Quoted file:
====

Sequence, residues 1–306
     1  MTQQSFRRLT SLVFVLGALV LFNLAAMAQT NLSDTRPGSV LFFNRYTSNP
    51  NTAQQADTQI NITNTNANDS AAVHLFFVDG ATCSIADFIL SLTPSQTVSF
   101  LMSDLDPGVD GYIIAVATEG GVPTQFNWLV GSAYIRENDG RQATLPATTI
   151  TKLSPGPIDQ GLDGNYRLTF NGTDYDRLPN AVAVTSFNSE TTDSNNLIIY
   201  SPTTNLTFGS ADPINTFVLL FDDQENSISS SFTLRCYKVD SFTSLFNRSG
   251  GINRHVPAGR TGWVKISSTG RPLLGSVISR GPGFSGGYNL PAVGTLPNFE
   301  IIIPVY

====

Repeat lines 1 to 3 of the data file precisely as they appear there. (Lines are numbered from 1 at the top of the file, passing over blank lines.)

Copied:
Sequence, residues 1–306
     1  MTQQSFRRLT SLVFVLGALV LFNLAAMAQT NLSDTRPGSV LFFNRYTSNP
    51  NTAQQADTQI NITNTNANDS AAVHLFFVDG ATCSIADFIL SLTPSQTVSF